Estuaries are coastal areas in which rivers and oceans meet. Thus, they include both fresh and salt water, each of which support different ecological communities of plants and animals, large and small. Salinity (“saltiness”) of the estuary is a measure of its health--a vital sign--for those communities.
In some cases, salt-water from the ocean side of the estuary can begin to “intrude” on an area previously dominated by fresh water. It is important to be able to measure and monitor this aspect estuary health.
CMOP has developed a remote sensing device that opens the way for scientists to better understand and predict salinity intrusions in estuaries.
Oceanographer Thomas Sanford, Ph.D., and his team from the Applied Physics Laboratory at the University of Washington, have developed a bottom-mounted instrument for measuring electrical conductivity in the water column, which can be transformed into salinity readings.
The current process for measuring salinity involves sensors that provide “point” observations. Sanford’s instrument provides measurements of integrated salinities across the entire water column, allowing a more representative description of salinity intrusion.
Sanford’s approach is to produce a low-frequency electrical current and measure the resulting electric field at a nearby dipole receiver. The received electrical field is a function of the electrical conductivity of the water column and the sediments.
Sanford’s team deployed the system in the Columbia River estuary before and during a flood tide. At the same time, they took measurements with a CTD, a standard oceanography-sampling device that reads Conductivity, Temperature and Depth. As the layer of seawater thickened, they observed the decreased resistance of the water column caused the receiver voltage to decrease.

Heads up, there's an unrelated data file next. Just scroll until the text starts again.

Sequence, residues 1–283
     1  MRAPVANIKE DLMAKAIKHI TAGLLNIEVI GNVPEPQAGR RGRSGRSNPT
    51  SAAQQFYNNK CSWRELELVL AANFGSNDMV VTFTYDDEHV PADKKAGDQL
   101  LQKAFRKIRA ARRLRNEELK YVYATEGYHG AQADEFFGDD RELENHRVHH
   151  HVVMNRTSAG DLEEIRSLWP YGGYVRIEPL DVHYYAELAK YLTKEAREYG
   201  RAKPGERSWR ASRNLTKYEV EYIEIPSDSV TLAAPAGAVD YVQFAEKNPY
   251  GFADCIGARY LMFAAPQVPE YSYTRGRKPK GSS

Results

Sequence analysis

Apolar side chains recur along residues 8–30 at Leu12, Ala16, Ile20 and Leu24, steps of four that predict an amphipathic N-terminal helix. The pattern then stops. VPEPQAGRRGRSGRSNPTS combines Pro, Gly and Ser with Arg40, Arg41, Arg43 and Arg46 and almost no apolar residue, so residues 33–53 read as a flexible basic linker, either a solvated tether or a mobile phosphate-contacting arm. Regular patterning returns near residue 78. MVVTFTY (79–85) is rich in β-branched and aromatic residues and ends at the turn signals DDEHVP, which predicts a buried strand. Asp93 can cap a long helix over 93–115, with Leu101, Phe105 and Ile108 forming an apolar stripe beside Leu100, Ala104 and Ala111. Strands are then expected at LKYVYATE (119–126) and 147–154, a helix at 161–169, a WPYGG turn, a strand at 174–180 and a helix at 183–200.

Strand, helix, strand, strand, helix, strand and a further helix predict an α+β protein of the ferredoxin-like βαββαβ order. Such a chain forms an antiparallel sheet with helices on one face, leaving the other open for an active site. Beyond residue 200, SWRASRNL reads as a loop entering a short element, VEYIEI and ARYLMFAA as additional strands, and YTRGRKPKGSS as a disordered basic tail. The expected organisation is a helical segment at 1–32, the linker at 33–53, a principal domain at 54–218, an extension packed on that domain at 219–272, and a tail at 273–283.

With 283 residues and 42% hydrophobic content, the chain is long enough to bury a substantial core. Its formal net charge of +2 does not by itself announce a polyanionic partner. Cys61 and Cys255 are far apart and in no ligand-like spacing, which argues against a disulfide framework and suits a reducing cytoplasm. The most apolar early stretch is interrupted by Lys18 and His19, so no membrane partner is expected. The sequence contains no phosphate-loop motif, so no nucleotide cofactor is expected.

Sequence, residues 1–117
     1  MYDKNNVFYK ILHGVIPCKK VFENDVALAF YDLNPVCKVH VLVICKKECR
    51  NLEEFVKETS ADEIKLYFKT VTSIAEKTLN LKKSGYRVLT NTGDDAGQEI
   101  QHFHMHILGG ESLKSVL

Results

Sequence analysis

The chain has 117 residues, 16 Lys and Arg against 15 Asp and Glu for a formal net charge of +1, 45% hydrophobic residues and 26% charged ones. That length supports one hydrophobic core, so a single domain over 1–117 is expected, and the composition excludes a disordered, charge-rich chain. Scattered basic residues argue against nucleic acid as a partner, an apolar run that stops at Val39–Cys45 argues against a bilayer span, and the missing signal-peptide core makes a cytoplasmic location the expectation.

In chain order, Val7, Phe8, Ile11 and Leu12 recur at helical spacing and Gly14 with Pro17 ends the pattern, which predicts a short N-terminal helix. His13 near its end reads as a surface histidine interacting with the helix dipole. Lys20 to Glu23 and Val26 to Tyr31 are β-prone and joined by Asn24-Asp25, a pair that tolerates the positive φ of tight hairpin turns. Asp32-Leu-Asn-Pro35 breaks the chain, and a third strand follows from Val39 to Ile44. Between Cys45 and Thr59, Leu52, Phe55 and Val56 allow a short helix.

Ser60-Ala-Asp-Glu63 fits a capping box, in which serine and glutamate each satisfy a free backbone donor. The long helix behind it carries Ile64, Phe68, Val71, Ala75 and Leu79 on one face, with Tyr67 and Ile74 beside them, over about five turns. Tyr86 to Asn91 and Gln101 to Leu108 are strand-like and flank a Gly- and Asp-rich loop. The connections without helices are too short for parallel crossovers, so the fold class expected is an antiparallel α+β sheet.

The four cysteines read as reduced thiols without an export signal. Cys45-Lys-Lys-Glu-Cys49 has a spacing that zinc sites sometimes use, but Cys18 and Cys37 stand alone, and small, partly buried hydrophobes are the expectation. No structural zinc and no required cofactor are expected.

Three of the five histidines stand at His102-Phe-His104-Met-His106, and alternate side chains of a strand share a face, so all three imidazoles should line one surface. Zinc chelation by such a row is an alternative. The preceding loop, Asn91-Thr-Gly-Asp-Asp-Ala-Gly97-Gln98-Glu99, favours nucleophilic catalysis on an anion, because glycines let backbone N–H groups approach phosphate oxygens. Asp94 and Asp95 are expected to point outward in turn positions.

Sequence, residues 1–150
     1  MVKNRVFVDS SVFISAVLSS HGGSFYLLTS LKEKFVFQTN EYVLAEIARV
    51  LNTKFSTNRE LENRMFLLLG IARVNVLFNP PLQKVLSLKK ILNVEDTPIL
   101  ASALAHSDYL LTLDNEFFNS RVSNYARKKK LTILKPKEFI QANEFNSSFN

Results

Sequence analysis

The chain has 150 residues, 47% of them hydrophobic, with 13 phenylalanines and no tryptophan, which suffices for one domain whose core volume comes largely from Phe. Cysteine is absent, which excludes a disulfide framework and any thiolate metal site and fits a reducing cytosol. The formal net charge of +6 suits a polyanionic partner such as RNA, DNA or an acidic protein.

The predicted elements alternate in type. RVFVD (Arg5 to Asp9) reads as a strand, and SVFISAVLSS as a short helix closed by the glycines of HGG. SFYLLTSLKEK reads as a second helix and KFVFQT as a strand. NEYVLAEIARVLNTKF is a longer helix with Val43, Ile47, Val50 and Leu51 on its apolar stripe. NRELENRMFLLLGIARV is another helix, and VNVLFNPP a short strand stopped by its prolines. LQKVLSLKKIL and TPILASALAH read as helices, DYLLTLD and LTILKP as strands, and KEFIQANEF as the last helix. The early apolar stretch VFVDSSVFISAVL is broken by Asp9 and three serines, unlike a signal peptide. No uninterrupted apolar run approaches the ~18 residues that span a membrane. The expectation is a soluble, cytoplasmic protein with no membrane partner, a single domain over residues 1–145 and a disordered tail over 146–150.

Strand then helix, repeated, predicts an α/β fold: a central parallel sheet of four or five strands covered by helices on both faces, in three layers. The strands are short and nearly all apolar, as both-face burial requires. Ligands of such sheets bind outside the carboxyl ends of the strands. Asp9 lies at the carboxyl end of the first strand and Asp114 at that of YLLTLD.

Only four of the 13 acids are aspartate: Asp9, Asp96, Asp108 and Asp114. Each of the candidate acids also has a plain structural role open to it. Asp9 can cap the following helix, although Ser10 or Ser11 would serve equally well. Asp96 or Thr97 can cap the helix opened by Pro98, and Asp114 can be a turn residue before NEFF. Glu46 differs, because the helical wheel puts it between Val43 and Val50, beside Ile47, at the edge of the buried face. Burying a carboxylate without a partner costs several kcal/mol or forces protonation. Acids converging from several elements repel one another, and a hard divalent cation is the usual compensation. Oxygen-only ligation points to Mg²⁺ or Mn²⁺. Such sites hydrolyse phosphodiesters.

Previous studies in the Columbia River had demonstrated a tight correlation between electrical conductivity and salinity. This correlation permits the conversion of electrical conductivity to salinity. Sanford’s team collected a time series of water-column electrical conductivity that they converted to salinity. The inferred salinity was shown to agree with the salinity readings from the CTD.
CMOP researchers are looking at Sanford’s new sensor as an opportunity to better explain processes as diverse as internal waves, estuarine turbidity, and summer blooms of phytoplankton (tiny mobile plants that sometimes collect in massive “blooms” in surface waters in estuaries). They expect to improve computer models that are designed to depict the variable conditions of the estuary, and anticipate changes associated with climate and human impact. Once demonstrated for the Columbia River, the new sensor has the potential to be used in estuaries around the world.